he President's decision in principle to depart from adherence to thend SALT II accords because of Soviet noncompliance has changed the situation signibeantly for Moscow We do not believe it has changed basic Soviet attitudes. But It has made Sovietore central political issue because it hasajor Soviet objective, the preservation of the arms control ftamework of thethe ABM Treaty andthe creationongenial successor system. The Soviet reaction, to far, has been to charge that the President's decision is potarger strategy for scuttling arms control and to mount political preaturea lo encourage his retreat. At tbe same time, pcrolive hints about Soviet openness lo new forms of verification are
view. Soviet leaders operate on the Idlowlng pro-cjottwm
Power polities involves cheating on the margins of IntemttMnil urrdeetaklngi by all nationslosedi i. lo get away with It better thin an open one it an objective reality loWted.
At: thingsbeing equal, cheating is not MiUiMeaUy deniable, andraonrd ol cheating eart beBut where important interests are alt b
, Justifiable. The key determinant it the Interest that requires cheating versus the USSR's ability to conceal tt or toaaata* ihe eorttequeneaa of Hi revelation
of cheating and nonoomplbiiM* must never be admitted, whether ihey relit* to pui-poaeful or load vert ml behavior. Such admissions, whatever their nature, would undermine the lo-le-ninooal aad doeaame authority ei the SovietitaeS Moreover, the outside -orlJ mart be conditioned, so far ai possible, lo accept that Intolerance of Soviet cheating behavior, teal or perceived.hreat to peace more lertoui than ihe Soviet behavior In Question
Accord.a* io an alternative view held by uwBureau of Icielliaenee and Research, (or theof State, tho intet Ignores the detailed and inierrully consistent vicvn (he Soviets hive presented on many compliancesuch as thend encryption The holder of tab view believes thedoes BOt nipcorl ihe Inference lhat la* Sovietj "actually" know thwnaal.ee to be la notation ol arms control agreements, bat rathertheir ownbelieve they are in compliance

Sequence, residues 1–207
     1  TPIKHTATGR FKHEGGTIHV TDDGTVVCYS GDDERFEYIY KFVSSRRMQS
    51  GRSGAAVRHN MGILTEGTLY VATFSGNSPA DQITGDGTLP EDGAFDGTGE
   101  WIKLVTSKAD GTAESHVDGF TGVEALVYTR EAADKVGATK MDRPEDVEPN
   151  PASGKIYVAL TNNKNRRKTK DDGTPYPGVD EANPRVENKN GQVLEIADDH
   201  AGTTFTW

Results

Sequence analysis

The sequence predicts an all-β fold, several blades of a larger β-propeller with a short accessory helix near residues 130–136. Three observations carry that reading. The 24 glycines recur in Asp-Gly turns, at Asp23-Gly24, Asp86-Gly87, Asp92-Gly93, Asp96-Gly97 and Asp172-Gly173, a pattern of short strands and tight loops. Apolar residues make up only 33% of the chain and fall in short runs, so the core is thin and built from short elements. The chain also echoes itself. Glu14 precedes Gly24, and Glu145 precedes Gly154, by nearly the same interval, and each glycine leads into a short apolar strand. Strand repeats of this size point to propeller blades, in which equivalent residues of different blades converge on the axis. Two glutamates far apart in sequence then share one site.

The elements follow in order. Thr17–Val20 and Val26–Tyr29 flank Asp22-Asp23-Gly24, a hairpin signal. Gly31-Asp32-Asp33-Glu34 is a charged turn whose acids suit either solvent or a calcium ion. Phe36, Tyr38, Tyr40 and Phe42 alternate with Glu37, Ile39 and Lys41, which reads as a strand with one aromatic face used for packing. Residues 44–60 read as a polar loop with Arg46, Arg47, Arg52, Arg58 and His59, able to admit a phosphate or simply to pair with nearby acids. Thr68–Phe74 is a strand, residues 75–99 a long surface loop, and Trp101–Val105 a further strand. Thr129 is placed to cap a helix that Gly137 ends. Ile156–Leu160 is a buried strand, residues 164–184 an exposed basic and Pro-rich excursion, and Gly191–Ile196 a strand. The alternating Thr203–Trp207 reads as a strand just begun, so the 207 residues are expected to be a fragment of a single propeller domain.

lo raise hopes thai the future could be better so long as the aims control process progresses.
We cannot judge whether and, if so, to what degree Gorbachev and his colleagues are prepared to admit to themselves that the erosion of the arms control framework is in largeoliticalof Soviet behavior. Erosion of the existing arms control framework concerns tbe Soviets because they fear what the United States could do if US military planning is freed from the formal and indirect con Rraint* of arms limits. Moreover, theii whole foreign policy line toward the West would be undermined if arms control came to seem less central to international security. Despite these concerns, we believe Soviet attitudes and positions on compliance will not change significantly in the future.
The Director. Bureau of mtelllgcrice andfor the Department of State agrees that the Soviets interpret arms control obligations narrowly and frequently exploit their ambiguities, but holds that analysis of their adivities Indicates that the Soviets consider their action to be consistent with the letter of the SALT accords as they interpret them. The Soviets do not appreciate the nature and depth of US compll-anoe Concerns and continue to view compliancearginal issue in relations with the United Slates. Because the Soviets do not perceive their actions to bo the actual rationale for the USay Interim restraint decision, this decision has not changed Soviet attitudes toward complUnce.
Soviet policy on ofiensive strategic nuclear force reductions has both political and military aims. In our view, the present Soviet leadership does not believe that all nuclear weapons can be eliminated. Gorbachev made hbanuary proposal to gethigh ground. But we believe the Soviets are more serious generally about nuclear force reductions than they have been In the past:
Modernized but reduced Soviet forces, along with major casnstraints on US forceprograms could preserve their currentforce capabilities and perhaps improve their relative capabilities, comparedituation in which both sides carry out their strategicIratioru programs as planned